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Home / Delhi News / Delhiwale: Khan Market’s most enduring chai

Delhiwale: Khan Market’s most enduring chai

In the Capital’s most upscale shopping enclave, cafes and restaurants are as super-expensive as the rest of the market. Consider the humble chai. A famous Khan Market cafe used to charge ₹155 (plus taxes) for one cup.

delhi Updated: Nov 21, 2020, 05:10 IST
Mayank Austen Soofi
Mayank Austen Soofi
With one arm holding the deliciously-chipped chai kettle and the other carrying a stack of paper glasses, JP can be seen throughout the day busily walking about the market lanes.
With one arm holding the deliciously-chipped chai kettle and the other carrying a stack of paper glasses, JP can be seen throughout the day busily walking about the market lanes.

It pays off to head to Khan Market on a full stomach. This way, you don’t have to pay the high price of eating there.

In the Capital’s most upscale shopping enclave, cafes and restaurants are as super-expensive as the rest of the market. Consider the humble chai. A famous Khan Market cafe used to charge ₹155 (plus taxes) for one cup. The place shut down following the coronavirus-triggered lockdown, but if you insist, there still are places here to burn your cash for tea.

Or, alternatively, you can have an equally tasty but far cheaper chai from JP. Unlike many Khan Market destinations that keep appearing and disappearing with puzzling regularity, JP’s chai is an institution. It has remained in business for 35 long years. Started by late Rama Nandan, it is now run by his grandson. While his distant cousin Daya Shankar makes the chai, the aforementioned JP (Jai Prakash), serves it. With one arm holding the deliciously-chipped chai kettle and the other carrying a stack of paper glasses, JP can be seen throughout the day busily walking about the market lanes. His patrons include folks working as shop assistants in the fancy showrooms, as well their doormen and door women, and the showroom owners themselves.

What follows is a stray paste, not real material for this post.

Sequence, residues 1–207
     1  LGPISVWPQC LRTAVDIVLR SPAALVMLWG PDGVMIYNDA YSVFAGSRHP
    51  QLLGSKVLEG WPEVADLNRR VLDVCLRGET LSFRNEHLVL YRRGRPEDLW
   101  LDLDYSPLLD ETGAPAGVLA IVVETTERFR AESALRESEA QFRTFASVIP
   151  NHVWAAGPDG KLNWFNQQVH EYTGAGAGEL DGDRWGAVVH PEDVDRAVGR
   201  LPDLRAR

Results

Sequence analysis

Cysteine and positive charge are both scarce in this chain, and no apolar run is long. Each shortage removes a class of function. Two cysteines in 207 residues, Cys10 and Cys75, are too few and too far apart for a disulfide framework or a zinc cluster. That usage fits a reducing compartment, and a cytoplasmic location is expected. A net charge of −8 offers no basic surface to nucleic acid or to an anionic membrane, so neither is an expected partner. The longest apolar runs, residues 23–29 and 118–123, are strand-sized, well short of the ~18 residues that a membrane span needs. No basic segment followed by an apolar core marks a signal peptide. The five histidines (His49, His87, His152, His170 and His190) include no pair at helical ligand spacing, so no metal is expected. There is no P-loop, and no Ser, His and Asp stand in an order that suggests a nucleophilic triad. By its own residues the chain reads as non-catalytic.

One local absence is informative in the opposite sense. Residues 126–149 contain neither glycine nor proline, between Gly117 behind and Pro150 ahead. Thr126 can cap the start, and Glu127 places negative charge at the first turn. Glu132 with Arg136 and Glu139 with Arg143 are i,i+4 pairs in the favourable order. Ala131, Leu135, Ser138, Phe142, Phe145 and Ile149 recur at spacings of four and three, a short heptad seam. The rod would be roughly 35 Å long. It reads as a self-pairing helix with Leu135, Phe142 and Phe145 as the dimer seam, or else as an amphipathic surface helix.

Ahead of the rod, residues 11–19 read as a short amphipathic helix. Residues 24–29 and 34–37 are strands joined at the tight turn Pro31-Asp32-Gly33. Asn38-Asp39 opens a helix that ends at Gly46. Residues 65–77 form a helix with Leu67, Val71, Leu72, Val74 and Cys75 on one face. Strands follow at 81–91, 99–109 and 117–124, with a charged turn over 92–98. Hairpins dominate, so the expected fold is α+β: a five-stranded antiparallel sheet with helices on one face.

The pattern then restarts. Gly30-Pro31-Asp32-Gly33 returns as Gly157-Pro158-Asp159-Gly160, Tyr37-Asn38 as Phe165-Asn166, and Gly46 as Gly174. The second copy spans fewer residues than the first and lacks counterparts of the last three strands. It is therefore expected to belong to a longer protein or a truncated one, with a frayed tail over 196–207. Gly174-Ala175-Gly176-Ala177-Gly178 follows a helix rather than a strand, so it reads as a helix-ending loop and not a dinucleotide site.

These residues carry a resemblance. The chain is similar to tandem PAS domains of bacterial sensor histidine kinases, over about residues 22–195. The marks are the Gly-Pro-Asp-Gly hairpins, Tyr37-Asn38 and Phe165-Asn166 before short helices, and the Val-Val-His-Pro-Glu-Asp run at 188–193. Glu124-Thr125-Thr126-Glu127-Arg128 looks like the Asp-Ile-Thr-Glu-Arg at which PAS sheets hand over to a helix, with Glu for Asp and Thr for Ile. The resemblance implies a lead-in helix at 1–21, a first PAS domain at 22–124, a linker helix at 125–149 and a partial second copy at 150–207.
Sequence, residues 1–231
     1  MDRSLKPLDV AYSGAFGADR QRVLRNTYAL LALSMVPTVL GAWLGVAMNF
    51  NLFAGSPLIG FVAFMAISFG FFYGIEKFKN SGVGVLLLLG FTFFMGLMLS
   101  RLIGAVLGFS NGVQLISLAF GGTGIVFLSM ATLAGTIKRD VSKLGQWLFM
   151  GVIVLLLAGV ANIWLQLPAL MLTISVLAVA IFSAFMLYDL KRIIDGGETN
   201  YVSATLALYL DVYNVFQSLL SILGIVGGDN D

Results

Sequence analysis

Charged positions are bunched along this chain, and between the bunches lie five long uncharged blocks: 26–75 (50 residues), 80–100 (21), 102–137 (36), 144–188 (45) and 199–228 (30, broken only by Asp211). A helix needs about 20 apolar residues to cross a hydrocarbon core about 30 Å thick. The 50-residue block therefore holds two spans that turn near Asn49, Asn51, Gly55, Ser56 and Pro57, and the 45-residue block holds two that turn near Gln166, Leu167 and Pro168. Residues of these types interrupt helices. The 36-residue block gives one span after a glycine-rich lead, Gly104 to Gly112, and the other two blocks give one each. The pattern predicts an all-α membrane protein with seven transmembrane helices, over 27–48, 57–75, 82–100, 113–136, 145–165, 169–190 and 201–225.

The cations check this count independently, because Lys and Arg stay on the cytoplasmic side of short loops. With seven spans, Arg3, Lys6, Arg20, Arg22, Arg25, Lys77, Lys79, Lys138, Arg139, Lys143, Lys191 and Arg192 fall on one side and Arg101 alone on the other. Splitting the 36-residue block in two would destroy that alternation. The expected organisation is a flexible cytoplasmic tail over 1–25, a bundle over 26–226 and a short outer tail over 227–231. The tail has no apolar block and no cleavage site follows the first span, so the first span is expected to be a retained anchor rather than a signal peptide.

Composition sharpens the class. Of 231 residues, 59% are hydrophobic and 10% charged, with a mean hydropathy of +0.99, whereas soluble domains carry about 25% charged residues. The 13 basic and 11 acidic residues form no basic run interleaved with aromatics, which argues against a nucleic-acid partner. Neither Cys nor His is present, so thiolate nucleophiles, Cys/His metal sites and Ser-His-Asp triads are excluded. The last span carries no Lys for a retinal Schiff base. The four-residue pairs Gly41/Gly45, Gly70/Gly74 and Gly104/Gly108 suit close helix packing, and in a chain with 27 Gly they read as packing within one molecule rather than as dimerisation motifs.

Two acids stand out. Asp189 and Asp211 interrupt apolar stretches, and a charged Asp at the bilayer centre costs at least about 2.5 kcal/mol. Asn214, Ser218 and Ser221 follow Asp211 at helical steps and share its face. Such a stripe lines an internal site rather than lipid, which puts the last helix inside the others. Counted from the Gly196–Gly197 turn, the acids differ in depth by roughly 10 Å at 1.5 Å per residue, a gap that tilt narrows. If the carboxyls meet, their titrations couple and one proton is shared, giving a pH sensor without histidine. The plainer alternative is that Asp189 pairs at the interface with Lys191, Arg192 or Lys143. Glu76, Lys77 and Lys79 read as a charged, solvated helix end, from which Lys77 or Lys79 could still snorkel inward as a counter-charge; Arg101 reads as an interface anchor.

A native of Jaunpur, in UP, JP arrived in the city in 2002 to carry on his grandfather’s legacy while his father kept being a farmer in the city. “My wife and children live in the village,” says JP on being ambushed with queries during his rounds in the Middle Lane. JP, 39, turns out to be very friendly and polite, he speaks Hindi, and seems to be smiling as he talks, even though he’s wearing a mask. Watching him walk about the market is like seeing a man strolling inside his own home. “I live in Khan Market,” he says, freely giving out the address of the room he shares with his cousin.

Daya Shankar and JP’s chai has the flavour of home, with a strong flavour of adrak (ginger). Some days it tends to be a tad too sweet, but this cold smoggy evening it is just perfect.

But taste is not the only point of JP’s chai. It is also about the kick that one gets on dunking down this delicious offering for so cheap (₹10 only) in this unimaginably pricey destination. Sipping it is like partaking in a Khan Market secret, beyond the reach of the passing fashionable crowd. JP serves from 10am to 1pm, and from 3pm to 6pm. It’s easy to spot him in the lanes—just look out for the tea kettle.

ht epaper

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